With profits driving inflation, workers take double hit
WITH predictions that high levels of inflation could be with us for a while, the question being increasingly asked is: are profits driving inflation? And the evidence increasingly suggests that is the case.
It’s certainly not wages. The IMF studied the relationship between wages and prices over the last 50 years and found almost no evidence of a wage-price spiral. This is confirmed by Ireland’s recent experience. In 2022, inflation rose by 7.8%. Wages rose by 3.4%.
No wage price spiral there. If anything, wages had a disinflationary effect. But what about profits? The evidence is piling up. Studies in the US, the UK and Australia have all found that profits, not wages, are the main contributors to rising prices.
The Financial Times reported that after-tax profit margins in the US are the highest since 1945 RTÉ recently reported that the European Central Bank has acknowledged the role of profiteering on the back of inflation.
In its recent quarterly report, the Irish Central Bank published data showing that profit margins made up over 60 per cent of domestic business prices.
If profits are pushing inflation there’s another question to be asked: why is the European Central Bank determined to continue raising interest rates? The effect of rising interest rates is to suppress wage increases, drive up unemployment, and reduce consumer spending — all in the name of ‘taking the heat out of the economy.’
But if profits are the source of that ‘heat’, what’s the point of interest rate increases? As a chief economist for a global wealth management fund put it: ‘’It’s clear that profit expansion has played a larger role in the European inflation story in the last six months or so. The ECB has failed to justify what it’s doing in the context of a more profit-focused inflation story.”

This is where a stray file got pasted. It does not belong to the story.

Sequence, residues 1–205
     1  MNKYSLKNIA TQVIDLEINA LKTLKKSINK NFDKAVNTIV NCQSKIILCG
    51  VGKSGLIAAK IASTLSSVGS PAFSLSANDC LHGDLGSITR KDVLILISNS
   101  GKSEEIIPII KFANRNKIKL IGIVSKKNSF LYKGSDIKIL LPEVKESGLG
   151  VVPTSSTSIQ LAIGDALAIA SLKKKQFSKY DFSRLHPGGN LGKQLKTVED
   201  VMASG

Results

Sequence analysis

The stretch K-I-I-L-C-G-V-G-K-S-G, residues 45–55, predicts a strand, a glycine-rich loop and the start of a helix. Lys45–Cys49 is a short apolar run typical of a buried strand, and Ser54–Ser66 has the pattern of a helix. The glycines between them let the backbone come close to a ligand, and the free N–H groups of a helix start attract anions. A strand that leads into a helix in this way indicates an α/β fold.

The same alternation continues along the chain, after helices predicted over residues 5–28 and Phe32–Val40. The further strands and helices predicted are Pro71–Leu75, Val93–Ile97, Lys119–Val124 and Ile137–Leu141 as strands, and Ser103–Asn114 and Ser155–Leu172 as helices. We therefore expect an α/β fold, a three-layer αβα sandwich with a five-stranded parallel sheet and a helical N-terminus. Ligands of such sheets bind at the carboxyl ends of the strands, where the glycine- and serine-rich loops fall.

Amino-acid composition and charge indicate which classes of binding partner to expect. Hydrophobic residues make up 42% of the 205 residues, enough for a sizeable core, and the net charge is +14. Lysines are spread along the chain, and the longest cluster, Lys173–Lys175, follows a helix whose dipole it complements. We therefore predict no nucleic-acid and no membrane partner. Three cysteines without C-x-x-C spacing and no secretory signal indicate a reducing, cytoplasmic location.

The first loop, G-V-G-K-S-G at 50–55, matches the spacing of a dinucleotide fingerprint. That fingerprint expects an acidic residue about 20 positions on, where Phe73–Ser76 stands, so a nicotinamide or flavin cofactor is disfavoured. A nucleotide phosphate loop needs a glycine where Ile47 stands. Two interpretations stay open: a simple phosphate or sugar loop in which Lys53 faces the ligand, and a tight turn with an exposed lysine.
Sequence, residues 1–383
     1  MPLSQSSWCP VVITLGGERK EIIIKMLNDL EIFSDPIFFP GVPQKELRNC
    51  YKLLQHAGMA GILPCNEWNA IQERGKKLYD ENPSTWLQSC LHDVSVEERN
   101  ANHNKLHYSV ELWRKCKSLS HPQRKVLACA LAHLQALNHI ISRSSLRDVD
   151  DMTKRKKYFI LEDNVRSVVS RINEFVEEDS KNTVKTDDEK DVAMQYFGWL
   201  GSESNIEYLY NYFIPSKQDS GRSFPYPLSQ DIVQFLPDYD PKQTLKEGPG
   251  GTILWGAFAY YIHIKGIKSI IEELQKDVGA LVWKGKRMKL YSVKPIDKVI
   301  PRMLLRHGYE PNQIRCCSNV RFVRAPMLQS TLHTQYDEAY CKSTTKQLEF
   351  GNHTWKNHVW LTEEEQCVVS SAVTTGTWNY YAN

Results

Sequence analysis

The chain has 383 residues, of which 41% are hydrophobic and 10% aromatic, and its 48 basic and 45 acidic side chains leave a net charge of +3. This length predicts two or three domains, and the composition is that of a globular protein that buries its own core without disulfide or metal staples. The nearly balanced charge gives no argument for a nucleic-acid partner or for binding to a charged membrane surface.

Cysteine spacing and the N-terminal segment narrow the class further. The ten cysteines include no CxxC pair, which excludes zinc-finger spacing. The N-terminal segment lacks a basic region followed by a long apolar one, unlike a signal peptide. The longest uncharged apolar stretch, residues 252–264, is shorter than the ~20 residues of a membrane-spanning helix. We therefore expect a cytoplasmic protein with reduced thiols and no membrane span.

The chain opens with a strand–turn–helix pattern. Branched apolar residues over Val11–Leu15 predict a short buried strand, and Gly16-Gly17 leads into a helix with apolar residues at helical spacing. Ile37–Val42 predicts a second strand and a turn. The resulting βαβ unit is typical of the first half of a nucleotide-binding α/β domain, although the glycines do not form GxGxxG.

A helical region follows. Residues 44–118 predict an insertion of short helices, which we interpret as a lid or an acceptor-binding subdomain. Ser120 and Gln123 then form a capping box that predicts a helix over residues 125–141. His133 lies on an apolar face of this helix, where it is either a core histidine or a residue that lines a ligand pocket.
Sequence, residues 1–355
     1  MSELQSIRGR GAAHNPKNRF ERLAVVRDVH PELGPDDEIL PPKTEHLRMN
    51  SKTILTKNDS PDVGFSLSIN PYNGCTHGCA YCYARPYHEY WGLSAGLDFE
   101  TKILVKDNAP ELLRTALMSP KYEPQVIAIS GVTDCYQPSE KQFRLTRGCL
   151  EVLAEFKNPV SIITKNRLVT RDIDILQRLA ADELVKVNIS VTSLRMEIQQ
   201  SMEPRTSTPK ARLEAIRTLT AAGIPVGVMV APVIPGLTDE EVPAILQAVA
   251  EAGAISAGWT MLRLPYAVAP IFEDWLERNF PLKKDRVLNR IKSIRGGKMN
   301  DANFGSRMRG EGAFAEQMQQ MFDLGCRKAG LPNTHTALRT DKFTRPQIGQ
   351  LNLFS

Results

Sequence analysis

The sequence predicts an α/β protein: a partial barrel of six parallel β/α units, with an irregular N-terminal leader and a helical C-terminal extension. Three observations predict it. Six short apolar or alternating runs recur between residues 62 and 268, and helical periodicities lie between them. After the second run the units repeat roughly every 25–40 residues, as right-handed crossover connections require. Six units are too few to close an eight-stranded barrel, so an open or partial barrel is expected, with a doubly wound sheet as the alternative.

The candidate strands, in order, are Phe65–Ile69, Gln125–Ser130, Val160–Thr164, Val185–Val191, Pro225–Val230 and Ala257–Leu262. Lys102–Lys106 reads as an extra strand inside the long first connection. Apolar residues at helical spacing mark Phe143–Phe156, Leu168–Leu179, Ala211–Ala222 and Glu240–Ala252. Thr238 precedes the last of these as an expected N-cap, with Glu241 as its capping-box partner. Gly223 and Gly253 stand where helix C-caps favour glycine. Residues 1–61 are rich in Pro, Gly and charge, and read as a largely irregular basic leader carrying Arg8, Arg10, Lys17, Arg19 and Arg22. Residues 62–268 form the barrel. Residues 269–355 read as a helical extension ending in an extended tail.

It is important to note that rising profits are not uniform across the board. The ECB report suggested that it was larger, exporting firms that are the inflation-culprits as they have more pricing power in the market. For instance, fossil-fuel companies are driving up profits, dividends and CEO pay.
However, this may not be true of smaller companies. Many businesses in the ‘contact-sensitive’ sectors (retail, hospitality, transport, entertainment, etc.) may not be guilty (or as guilty) of price-gouging behaviour.
With profits driving wages, workers are taking a double-hit: first, owners are increasing profits rather than inflation-proofing wages, leaving real cuts in people’s living standards. And on top of that, workers are paying higher prices for the higher profits.
While the Government has no influence over the decisions of the ECB, it could still do the economy a favour by establishing as a matter of urgency a price monitoring agency, even on an ad-hoc basis.
The National Consumer Agency used to do some of this work (tracking prices) but has been less active since it was merged with the Competition Authority.
The Government could identify the sectors where profiteering is happening and which companies are engaged in this activity.
By exposing their actions, public pressure could be brought to bear and, in extreme cases, the Government could enact emergency orders (which they have the power to do) to suppress price increases.
In this way, we can treat rising prices as a political issue. For that is ultimately what they are.